The Aviation Innovation Reform and Reauthorization Act contains several reforms that move in the right direction. Notably, it removes America’s air traffic control system from the Federal Aviation Administration and establishes it as a federally chartered, nonprofit corporation.

But the legislation includes troubling labor provisions. Its supporters seem intent on buying government union support by giving them even more leverage over the public than they now possess.

This sets a terrible precedent for future privatization efforts. Congress should modernize America’s air traffic control system without enriching unions.

The air traffic control system is unquestionably outdated. The government still uses 1960s technology to track planes in the air. Other countries, such as Canada, have solved this problem by privatizing their air traffic control systems.

These private entities have rapidly switched to more reliable modern technologies that reduce the risk of collision. It is promising that members of Congress have acknowledged the benefits of privatizing air traffic control and have proposed to remove it from federal control, as Canada has.

However, the Aviation Innovation Reform and Reauthorization Act (AIRR) does not address one of the problems impeding reform: the National Association of Air Traffic Controllers, the union representing air-traffic controllers. The union has used its leverage to negotiate gold-plated and diamond-studded compensation packages for its members.

The Bureau of Labor Statistics reports the median air traffic controller makes $123,000 a year in cash wages. Including noncash benefits brings the average total compensation package to approximately $200,000 a year—vastly more than most private-sector workers in jobs requiring an associate’s degree.

The public pays for these inflated compensation packages through higher taxes on airline passengers. The National Association of Air Traffic Controllers redistributes wealth from taxpayers and the flying public—most of whom make much less than $200,000 a year – to the union’s members.

The “reform” measure does nothing to stop this. Worse, it includes several provisions that strengthen the union’s hand:

  • Binding Arbitration. Under current law, the FAA can impose a contract if negotiations with the union hit an impasse. The Bush administration did this in 2006, limiting average air traffic control compensation to “just” $187,000 a year. (The Obama administration reversed that decision when it took office, giving the unions the package worth $200,000 a year). One section (§90707) of the legislation  requires the new corporation to go to binding arbitration instead of imposing a contract. Binding arbitration tends to produce union-friendly awards. This provision means the new entity will have even less power than the FAA does now to restrict the growth of air traffic controllers’ compensation.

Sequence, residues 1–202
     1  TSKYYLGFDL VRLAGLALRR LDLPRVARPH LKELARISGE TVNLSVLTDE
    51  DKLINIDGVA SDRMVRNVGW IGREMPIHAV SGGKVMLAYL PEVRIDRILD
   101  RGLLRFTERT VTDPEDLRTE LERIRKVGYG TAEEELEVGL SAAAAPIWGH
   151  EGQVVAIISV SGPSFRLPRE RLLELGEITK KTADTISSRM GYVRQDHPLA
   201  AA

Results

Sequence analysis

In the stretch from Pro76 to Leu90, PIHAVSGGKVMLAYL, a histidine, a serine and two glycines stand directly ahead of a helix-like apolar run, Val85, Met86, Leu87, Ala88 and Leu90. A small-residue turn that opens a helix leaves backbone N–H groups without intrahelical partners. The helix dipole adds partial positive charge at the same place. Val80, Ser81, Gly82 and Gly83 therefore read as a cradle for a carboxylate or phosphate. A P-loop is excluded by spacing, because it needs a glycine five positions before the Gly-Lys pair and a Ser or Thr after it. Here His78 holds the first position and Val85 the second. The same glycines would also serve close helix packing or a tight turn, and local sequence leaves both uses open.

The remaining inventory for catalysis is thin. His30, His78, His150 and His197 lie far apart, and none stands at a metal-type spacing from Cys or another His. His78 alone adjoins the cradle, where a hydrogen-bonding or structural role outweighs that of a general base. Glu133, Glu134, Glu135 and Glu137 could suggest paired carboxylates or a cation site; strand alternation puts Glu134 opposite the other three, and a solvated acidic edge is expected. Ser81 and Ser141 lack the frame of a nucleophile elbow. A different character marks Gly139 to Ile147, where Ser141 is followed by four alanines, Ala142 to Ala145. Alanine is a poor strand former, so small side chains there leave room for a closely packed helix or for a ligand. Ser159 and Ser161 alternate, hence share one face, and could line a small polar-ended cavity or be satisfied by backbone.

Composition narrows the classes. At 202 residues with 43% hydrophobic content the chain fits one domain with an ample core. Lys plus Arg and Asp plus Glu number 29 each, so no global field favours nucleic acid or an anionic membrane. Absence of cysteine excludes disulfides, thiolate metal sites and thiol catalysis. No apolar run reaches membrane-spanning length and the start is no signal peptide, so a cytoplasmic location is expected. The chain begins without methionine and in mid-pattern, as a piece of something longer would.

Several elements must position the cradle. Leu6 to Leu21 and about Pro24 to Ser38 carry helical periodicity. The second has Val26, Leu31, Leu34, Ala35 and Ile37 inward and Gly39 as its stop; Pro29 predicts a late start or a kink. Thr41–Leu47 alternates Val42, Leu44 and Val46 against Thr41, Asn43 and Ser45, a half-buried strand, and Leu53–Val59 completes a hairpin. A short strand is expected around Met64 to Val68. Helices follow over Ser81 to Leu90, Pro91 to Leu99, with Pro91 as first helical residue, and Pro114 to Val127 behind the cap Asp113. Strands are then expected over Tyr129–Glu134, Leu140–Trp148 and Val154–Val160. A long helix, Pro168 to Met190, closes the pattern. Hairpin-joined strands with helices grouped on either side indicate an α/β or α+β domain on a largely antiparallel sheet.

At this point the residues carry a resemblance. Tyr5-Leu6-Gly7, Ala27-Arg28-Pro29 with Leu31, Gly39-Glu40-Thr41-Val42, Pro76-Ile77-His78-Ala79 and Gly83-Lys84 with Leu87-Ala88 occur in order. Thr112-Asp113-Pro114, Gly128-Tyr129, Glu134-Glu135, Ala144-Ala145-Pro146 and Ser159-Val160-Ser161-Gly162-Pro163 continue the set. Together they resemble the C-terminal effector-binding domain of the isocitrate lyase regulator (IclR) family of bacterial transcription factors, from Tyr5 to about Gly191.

• No Federal Salary Cap. The new, nonprofit corporation will not be subject to the federal salary cap (currently $185,100 in cash wages or salaries for most federal employees). This will allow the union to negotiate–or get an arbitrator to impose–even larger pay increases than they can legally ask for now.
  • Government Benefits. Another section of the legislation (§90705) lets the union’s current members keep their federal pensions and health benefits, or get benefits from the new agency. So they will keep their government benefits, unless the union negotiates even better benefits at the new entity. In that case, they can switch to the higher compensation package. Airline passengers whose fees cover these costs get the worst of both worlds.
  • Reduced Strike Penalties. Some conservative critics of AIRR have claimed it would allow air traffic controllers to strike. This is incorrect. Under the legislation, a strike would remain an illegal unfair labor practice. The new agency could go to court to request an injunction to end one, and the union could get decertified if it calls a strike. However, government unions will engage in illegal strikes when they think they have the leverage to extract concessions (as the recent Detroit public schools “sickouts” demonstrate). The question is what penalties strikers face. Under current law, the president can fire striking federal employees and bring in replacements—as President  Ronald Reagan famously did to end the 1981 air traffic controllers  strike. Moving the air traffic controllers to a quasi-private corporation would mean the president could no longer intervene to end a strike by firing the strikers.

Congress could easily fix these problems. Leaving the current dispute reconciliation system in place—instead of shifting to arbitration—would eliminate most of the labor concerns. The rest would be solved by expressly authorizing the new corporation to fire illegally striking workers—as the federal government can do now.

These changes would enable the new agency to keep labor costs in line. But the Aviation Innovation Reform and Reauthorization Act does not take these steps, and instead increases the union’s leverage. Why?

Probably because AIRR supporters want the National Association of Air Traffic Controllers to support the reforms. They appear to have bought this support by offering the union even more power at the quasi-private agency.

Unsurprisingly, the union has endorsed the legislation. But this legislative payoff sets a terrible precedent for future privatization efforts. A non-trivial portion of the financial benefits of privatization come from eliminating the monopoly power of government unions. AIRR  instead strengthens that monopoly power. This would set an expectation that future federal privatization efforts would similarly benefit unions.

Privatizing the air traffic control system is long overdue. But Congress should not strengthen the union’s power over the flying public in the process.